Subject: I have found a CD that I think you would enjoy
Genres: Jazz, Pop
While trumpeter Nicholas Payton's initial recordings in the mid-'90s garnered him the reputation of a Wynton Marsalis imitator, the talented young jazzbo has matured quickly and is obviously his own man. With a graceful qu... more »
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While trumpeter Nicholas Payton's initial recordings in the mid-'90s garnered him the reputation of a Wynton Marsalis imitator, the talented young jazzbo has matured quickly and is obviously his own man. With a graceful quintet featuring Tim Warfield on tenor sax and Anthony Wonsey on piano, Payton cruises through an entertaining batch of original compositions sprinkled with songs by Rodgers and Hart, Wayne Shorter, and soul-pop tunesmiths, Thom Bell and Linda Creed. On the song "The Three Trumpeters," Payton is joined by hornmen Roy Hargrove and Wynton Marsalis for a burning, round-robin of brass antics. Saxophonist Joshua Redman also joins the fray on "A Touch of Silver," rounding out this summit of young jazz lions. Ever the traditionalist, Payton is growing by leaps and bounds. --Mitch Myers
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Matthew B. Scott | Alexandria, VA | 09/14/2005
(3 out of 5 stars)
"Payton is one of the few modern players who is able to move the structure of his music forward without losing the traditions, and perhaps more importantly - the quality, of giants from the bebop and cool eras. Concentric circles is a great piece of work in the tradition of Miles and Adderly. Why more modern stars don't find the symbiosis between old and new that Payton does is a mystery, but thankfully Payton should be around for quite some time. The problem in rating jazz albums, is that when viewed against the whole set of works from legendary artists - this album merits only a three. When compared against any of the over-electrified, synthesized and souless newcomers who are Payton's peer group - he deserves a FIVE."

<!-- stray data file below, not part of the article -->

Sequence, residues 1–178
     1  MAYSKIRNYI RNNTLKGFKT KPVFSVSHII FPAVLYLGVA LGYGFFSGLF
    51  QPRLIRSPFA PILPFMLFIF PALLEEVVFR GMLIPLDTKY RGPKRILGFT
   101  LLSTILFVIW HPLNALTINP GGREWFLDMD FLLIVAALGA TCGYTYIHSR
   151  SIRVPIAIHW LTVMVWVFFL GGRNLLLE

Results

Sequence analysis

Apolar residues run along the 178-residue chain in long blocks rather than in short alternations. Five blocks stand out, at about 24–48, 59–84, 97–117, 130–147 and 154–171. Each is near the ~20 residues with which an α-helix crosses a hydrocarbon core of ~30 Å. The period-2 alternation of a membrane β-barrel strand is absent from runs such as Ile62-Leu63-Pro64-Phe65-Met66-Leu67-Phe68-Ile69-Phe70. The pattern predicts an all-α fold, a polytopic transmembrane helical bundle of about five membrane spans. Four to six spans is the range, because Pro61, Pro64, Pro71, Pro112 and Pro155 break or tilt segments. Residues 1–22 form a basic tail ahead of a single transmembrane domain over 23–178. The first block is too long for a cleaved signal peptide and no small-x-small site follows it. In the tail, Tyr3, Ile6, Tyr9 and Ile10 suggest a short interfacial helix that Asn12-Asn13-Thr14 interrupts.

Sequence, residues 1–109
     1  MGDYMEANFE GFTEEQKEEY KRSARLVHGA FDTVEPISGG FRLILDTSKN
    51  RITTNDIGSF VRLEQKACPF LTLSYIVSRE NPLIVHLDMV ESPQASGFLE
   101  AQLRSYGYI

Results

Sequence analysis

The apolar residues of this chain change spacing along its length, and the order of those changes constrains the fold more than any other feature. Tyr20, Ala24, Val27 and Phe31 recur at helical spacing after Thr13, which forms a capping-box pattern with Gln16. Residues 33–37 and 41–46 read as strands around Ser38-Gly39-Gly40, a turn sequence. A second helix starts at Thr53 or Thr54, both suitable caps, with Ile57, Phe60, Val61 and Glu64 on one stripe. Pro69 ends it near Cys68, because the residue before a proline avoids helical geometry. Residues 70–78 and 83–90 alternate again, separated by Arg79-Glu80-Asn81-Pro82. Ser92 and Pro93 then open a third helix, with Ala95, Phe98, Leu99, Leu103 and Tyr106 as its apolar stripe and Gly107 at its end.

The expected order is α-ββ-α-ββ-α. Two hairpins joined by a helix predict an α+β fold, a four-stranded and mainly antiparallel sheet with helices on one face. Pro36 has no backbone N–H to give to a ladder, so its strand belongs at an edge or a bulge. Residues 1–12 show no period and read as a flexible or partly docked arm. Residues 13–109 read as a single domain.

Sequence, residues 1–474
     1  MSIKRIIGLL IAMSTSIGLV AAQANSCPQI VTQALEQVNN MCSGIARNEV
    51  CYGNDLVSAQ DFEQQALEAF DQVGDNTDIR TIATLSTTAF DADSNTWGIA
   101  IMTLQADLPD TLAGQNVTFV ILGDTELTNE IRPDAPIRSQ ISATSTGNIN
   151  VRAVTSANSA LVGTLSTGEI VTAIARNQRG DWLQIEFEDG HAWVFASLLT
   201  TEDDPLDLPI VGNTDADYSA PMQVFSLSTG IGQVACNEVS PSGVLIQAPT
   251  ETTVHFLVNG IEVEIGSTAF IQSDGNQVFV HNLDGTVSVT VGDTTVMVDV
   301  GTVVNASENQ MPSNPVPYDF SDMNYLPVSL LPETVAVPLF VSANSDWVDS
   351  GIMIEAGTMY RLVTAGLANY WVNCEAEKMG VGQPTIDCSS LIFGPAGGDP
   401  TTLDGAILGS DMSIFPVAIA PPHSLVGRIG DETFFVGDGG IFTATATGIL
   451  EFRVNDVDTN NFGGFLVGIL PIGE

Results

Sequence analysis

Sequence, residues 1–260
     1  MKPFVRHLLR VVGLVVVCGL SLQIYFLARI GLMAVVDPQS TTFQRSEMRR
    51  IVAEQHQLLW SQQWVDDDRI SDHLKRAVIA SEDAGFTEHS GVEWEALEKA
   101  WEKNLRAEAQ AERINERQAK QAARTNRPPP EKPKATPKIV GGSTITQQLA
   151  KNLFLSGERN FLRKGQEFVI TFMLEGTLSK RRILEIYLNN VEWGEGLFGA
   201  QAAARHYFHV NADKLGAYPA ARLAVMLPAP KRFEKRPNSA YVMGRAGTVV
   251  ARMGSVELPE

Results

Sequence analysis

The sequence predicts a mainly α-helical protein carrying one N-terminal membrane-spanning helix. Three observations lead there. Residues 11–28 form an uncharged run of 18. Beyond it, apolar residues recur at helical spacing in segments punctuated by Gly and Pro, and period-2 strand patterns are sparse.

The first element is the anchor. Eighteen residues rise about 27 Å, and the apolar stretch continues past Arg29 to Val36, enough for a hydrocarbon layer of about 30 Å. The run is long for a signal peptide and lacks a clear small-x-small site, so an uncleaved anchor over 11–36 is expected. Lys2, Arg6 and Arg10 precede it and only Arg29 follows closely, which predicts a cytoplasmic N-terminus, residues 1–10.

Contemporary Jazz at its hottest
Duncan MacLeod | Kingston, NH | 06/09/2006
(5 out of 5 stars)
"Those who've been misled into thinking "contemporary" jazz has to be that bland, backgroundy "smooth jazz" of the canned stations using that term--welcome to the world of REAL contemporary jazz! Nicholas Payton's Clifford-Brown-inspired trumpet playing--plus his kicking, sometimes funky, originals--will give the serious jazz listener plenty of excitement--musical excitement that is. And when he jams with the likes of giants Roy Hargrove and Wynton Marsalis in "The Three Trumpeters," he more than holds his own.
The band's style fits the "hard-bop" appellation for the most part, but there's plenty that's new and interesting--especially the very first cut, called "Zigaboogaloo." There are nods to two of the great figures of the Twentieth Century: "Brownie a la Mode" (trumpeter Clifford Brown) and "A Touch of Silver" (pianist Horace Silver). Then there is the teasingly playful "People Make The World Go Round," that may remind you of something sung by Bobby McFerin. There are a couple of slower cuts I sometimes skip over (only because I prefer up-tempo stuff), but the rest of the album is superb.
This is one of many contemporary albums I can enthusiastically recommend--even to moldy-fig types who think nothing really good has come out of the younger generation of players."